Money matters in obesity

Pressed by lack of financial means, low-income social groups often choose to buy foods high in calories and face difficulties in accessing facilities for physical activity, said participants at a European parliamentary symposium on obesity.

The first European Parliamentary symposium on the fight against obesity took place on 18 October 2007. Under discussion were, among others, the role of education, information and awareness-raising in promoting balanced diets and encouraging physical activity.

“If we are urging people to lead healthy lifestyles, our message has to be supported by structural measures that are in line with it. People need to be given the possibility of choosing and buying healthy foods and accessing physical activity infrastructure,” said Maria Iglesia-Gomez from the Commission directorate-general for health and consumer protection.

Stakeholders also debated ways to cure obesity as well as the food industry’s commitments to increasing healthy choice through product innovation.

"In the day after the World Day for the eradication of poverty, it is important to recall the connection between obesity and poverty. In fact, due to a lack of financial means, many European households no longer have access to highly nutritious food products such as quality milk, fruit and vegetables. That is why Europe could contribute, by a reform of the CAP, in support of the supply of quality fruit and vegetables at more affordable prices," said MEP Frédérique Ries, author of a recent parliamentary report on promoting healthy eating and physical activity.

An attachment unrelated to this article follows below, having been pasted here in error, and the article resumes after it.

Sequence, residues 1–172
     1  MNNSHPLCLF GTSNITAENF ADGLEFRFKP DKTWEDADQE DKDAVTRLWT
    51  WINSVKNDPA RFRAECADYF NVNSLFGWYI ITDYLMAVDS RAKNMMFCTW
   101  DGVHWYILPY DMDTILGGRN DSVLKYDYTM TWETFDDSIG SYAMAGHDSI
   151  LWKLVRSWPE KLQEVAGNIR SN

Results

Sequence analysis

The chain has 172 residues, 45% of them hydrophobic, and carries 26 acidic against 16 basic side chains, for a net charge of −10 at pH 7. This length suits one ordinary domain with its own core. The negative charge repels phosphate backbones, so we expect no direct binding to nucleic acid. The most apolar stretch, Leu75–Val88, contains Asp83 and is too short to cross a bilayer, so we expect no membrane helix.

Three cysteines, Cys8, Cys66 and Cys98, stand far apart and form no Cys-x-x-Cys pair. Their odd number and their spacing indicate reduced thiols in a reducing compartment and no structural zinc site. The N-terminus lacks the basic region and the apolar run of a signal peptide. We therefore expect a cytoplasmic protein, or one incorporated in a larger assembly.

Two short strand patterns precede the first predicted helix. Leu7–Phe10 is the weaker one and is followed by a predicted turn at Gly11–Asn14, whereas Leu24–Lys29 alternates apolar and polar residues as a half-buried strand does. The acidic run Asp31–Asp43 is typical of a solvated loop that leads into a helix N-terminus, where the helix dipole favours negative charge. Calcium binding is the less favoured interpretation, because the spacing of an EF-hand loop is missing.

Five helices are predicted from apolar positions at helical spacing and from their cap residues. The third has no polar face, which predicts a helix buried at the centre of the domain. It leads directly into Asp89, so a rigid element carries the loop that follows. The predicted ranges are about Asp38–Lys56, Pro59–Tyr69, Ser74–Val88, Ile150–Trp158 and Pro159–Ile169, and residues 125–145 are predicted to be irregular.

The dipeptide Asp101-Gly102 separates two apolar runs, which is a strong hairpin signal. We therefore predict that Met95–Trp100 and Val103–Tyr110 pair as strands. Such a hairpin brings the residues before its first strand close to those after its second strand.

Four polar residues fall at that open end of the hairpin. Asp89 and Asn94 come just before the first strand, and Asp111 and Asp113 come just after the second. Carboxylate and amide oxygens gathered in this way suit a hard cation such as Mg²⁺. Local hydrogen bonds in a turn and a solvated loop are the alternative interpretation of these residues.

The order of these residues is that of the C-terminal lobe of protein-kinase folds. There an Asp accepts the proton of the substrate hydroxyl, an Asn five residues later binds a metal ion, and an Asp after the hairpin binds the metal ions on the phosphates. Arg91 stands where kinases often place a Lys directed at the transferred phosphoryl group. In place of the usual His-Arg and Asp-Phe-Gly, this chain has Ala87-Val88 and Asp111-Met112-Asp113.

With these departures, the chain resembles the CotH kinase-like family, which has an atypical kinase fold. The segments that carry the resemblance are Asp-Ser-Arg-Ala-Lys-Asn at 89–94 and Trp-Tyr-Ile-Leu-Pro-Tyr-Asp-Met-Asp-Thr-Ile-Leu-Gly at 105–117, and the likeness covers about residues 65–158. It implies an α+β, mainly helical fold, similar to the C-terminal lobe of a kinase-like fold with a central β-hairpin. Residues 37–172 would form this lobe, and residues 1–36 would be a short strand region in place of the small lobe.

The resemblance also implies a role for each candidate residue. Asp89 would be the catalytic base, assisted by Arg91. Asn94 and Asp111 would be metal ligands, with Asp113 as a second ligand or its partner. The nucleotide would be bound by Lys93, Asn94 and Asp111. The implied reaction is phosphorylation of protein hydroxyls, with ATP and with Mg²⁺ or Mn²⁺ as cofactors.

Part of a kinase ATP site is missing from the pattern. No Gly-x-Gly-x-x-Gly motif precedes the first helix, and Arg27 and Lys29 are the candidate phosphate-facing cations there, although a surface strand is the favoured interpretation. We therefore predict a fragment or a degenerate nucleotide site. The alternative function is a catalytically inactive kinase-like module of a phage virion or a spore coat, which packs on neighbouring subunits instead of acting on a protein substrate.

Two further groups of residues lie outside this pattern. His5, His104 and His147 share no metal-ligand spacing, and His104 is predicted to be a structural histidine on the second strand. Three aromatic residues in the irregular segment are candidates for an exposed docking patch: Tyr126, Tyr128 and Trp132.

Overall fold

"Some foods are too expensive for low-income people in society. They turn more to high-energy intensity products. In Sweden, for example, the high social groups do not really have an obesity problem whereas the low-income groups do. This phenomenon is reproduced regarding access to physical activity. The low-income groups have problems here again as they experience problems in accessibility to physical activity, due to costs," said Francesco Branca from the WHO regional office for Europe.

"A priority focus regarding physical obesity and obesity prevention should be children and people of low economic status," said Winfried Banzer from ENGSO, an NGO representing European sports organisations.

Overweight and obesity figures are increasing at an alarming rate in Europe, in particular among lower income groups. Sedentary modern lifestyles and over-eating have elevated obesity to the number one public health challenge of the 21st century. Rapidly increasing childhood obesity is of particular concern. 

The European strategy to fight obesity, proposed by the Commission in May 2007, highlights the need for better information for consumers, enabling a healthy choice and encouraging physical activity as the main tools to counter the challenge. The food industry and advertising sector have been given until 2010 to develop, implement, monitor and demonstrate self-regulation.

Subscribe to our newsletters


Want to know what's going on in the EU Capitals daily? Subscribe now to our new 9am newsletter.